Ho-hum WASDE turns focus to planting intentions

Ho-hum WASDE turns focus to planting intentions

Despite global events, WASDE report fails to lend support to markets.

VARIOUS global influences pushed grain markets higher heading into the U.S. Department of Agriculture's March 10 "World Agricultural Supply & Demand Estimates" (WASDE) report, but with no large fluctuations in the projections, traders almost immediately began to look toward the March 31 "Prospective Plantings" report after crop prices were mostly down last week.

The 2013-14 U.S. soybean supply and use projections included higher imports and exports, a reduced crush and reduced ending stocks compared with last month's WASDE report.

USDA raised soybean exports by 20 million bu. to a record 1.53 billion, reflecting continued strong sales and shipments through February. The soybean crush was reduced 10 million bu. to 1.69 billion bu., reflecting weaker-than-expected domestic soybean meal use through the first quarter of the marketing year.

USDA projected soybean stocks of 145 million bu., down 5 million from last month (Table 1). Soybean oil stocks were reduced due to lower production and increased exports.

The USDA projections for world soybean ending stocks decreased from 73.00 million metric tons in February to 70.64 mmt (Table 2).

USDA reported that other changes for soybean oil included reduced use for biodiesel and an offsetting increase for food, feed and other industrial use.

Soybean and soybean product prices are all estimated to be higher in March. USDA raised its season-average price forecast for soybeans 25 cents on both ends of the range to $12.20-13.70/bu. and forecasted soybean oil prices at 36-39 cents/lb., up 1.5 cents at the midpoint. Soybean meal prices are projected to be $450-490 per ton, up $25 at the midpoint.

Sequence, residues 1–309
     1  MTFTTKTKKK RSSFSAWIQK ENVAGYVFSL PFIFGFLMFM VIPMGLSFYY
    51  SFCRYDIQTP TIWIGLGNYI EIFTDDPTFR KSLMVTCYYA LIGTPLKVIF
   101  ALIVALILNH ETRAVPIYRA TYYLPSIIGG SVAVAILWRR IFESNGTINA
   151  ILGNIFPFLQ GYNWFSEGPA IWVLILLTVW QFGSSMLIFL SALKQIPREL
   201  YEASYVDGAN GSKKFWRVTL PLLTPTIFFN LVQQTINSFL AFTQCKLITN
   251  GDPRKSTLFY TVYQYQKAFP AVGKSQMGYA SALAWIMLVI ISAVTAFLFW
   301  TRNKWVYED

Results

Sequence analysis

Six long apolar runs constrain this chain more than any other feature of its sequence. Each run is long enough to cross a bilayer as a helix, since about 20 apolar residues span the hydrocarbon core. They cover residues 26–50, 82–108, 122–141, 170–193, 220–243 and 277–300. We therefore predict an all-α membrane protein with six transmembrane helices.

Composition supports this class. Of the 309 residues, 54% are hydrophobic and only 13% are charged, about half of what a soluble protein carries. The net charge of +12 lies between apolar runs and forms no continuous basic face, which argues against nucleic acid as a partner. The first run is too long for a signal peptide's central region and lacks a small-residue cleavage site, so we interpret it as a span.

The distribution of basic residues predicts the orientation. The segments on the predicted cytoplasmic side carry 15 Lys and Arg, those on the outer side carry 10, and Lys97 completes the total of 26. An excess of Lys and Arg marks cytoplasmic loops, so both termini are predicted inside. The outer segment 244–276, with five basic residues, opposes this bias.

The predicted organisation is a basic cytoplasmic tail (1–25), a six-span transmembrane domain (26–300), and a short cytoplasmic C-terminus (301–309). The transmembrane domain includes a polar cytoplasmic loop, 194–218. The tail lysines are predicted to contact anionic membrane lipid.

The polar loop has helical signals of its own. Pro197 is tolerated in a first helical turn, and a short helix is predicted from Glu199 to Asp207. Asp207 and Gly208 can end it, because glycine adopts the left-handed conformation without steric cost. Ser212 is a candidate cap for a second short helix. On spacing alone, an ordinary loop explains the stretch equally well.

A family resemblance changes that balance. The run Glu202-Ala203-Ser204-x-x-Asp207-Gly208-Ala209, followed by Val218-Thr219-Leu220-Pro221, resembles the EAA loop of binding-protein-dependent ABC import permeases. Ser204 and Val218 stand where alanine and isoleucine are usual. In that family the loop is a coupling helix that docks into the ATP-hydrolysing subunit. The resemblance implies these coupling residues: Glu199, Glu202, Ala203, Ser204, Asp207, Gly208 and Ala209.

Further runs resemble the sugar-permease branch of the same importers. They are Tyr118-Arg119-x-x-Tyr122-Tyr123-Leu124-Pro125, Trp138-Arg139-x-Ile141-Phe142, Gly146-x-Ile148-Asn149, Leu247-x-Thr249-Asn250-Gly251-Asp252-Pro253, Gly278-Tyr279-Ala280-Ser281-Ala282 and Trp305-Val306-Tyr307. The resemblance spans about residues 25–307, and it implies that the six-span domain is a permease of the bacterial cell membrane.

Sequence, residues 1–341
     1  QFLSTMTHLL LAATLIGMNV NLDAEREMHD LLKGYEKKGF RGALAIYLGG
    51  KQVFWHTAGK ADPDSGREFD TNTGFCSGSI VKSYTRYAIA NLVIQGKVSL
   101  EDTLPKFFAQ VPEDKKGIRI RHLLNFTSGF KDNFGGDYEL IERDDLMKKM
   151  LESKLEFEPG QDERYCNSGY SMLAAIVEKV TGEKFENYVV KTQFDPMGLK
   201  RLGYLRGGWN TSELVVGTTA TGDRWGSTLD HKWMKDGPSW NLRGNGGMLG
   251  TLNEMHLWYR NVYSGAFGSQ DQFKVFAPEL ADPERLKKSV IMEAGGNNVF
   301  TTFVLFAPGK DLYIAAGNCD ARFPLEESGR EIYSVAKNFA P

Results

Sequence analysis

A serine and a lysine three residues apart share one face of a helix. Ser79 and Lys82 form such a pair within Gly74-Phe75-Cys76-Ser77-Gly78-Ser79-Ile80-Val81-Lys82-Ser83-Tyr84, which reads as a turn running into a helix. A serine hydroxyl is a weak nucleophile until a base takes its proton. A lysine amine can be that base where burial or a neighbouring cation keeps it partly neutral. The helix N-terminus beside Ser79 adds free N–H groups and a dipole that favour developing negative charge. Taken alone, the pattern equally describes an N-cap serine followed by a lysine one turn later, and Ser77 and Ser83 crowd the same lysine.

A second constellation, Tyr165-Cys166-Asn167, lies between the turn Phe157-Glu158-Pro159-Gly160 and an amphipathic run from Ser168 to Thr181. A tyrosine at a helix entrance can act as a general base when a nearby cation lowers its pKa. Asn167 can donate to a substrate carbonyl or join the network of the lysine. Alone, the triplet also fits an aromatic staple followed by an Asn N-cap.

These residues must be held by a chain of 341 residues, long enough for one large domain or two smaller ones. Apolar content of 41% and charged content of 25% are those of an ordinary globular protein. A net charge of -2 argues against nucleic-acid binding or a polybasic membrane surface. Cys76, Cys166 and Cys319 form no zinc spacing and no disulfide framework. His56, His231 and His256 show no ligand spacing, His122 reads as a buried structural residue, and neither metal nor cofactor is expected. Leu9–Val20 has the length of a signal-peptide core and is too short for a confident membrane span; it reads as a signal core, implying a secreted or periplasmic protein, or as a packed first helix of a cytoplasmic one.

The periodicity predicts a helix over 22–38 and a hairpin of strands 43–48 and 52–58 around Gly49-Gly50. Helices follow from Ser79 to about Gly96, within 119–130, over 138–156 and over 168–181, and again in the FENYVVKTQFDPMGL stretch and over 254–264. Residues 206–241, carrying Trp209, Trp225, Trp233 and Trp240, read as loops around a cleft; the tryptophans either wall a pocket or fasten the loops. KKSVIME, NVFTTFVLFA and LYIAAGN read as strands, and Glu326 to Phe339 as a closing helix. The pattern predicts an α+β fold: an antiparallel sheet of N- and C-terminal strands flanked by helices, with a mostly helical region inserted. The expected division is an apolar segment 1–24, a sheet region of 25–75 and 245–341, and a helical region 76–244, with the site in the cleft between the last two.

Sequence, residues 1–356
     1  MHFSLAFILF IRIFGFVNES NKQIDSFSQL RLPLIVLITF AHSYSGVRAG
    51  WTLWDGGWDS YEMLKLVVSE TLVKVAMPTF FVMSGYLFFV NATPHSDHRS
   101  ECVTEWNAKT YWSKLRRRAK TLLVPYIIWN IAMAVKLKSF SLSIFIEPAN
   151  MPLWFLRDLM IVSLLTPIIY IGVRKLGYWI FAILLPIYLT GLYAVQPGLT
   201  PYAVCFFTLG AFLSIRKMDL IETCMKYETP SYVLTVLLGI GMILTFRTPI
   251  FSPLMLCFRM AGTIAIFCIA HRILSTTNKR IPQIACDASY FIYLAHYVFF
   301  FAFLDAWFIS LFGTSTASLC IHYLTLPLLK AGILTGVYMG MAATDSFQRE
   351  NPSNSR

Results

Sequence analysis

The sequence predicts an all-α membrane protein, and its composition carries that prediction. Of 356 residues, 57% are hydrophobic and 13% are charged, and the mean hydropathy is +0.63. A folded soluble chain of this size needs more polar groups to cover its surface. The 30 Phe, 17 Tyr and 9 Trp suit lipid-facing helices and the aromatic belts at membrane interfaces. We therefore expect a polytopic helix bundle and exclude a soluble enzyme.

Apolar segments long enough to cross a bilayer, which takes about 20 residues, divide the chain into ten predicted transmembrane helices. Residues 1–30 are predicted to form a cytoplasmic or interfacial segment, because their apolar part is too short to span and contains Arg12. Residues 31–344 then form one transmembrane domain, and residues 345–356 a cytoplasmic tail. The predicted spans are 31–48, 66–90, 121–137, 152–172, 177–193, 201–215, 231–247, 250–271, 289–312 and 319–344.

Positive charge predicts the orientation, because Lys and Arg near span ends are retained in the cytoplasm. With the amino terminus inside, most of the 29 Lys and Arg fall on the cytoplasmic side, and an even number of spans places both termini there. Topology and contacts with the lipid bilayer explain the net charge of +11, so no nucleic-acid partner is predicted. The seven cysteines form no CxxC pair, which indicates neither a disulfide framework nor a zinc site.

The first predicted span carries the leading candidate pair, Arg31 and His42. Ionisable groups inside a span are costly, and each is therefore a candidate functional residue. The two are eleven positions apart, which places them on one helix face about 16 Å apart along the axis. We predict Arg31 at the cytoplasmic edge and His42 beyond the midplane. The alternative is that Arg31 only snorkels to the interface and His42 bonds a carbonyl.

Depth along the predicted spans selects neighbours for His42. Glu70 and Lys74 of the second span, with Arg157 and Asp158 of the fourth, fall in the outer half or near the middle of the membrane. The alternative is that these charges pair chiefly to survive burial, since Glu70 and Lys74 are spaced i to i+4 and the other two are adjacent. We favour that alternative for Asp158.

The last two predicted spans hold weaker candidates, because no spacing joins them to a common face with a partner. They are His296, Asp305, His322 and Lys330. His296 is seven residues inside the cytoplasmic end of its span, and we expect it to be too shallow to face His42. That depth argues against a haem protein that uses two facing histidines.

USDA projected Brazil's 2013-14 soybean production at 88.5 mmt, down 1.5 mmt (Table 3), mainly reflecting hot, dry weather in the south when much of the crop was in the flowering and filling stages. Argentina's soybean production projections remained unchanged from last month, at 54 mmt.

USDA reduced projected U.S. feed grain ending stocks for 2013-14, with higher corn exports and lower oat imports. Corn exports are projected to be 25 million bu. higher on stronger world imports and the rising pace of shipments in recent weeks. Continued strong export sales also supported the higher figure.

Projected U.S. 2013-14 corn ending stocks were lowered from 1.481 billion bu. in February to 1.456 million bu. in the March report, coming in lower than the average trade estimate of 1.619 billion bu. USDA projected world corn ending stocks to increase from 157.30 mmt in February to 158.47 mmt.

The season-average farm price for corn was narrowed 5 cents on both ends of the projected range to $4.25-4.75/bu.

USDA pegged 2013-14 global coarse grain supplies to increase by 1.4 million tons due to larger corn beginning stocks for Indonesia, higher corn production for China and higher barley production for Australia.

USDA projected corn production at 70 mmt for Brazil and 24 mmt for Argentina, both unchanged from the February report.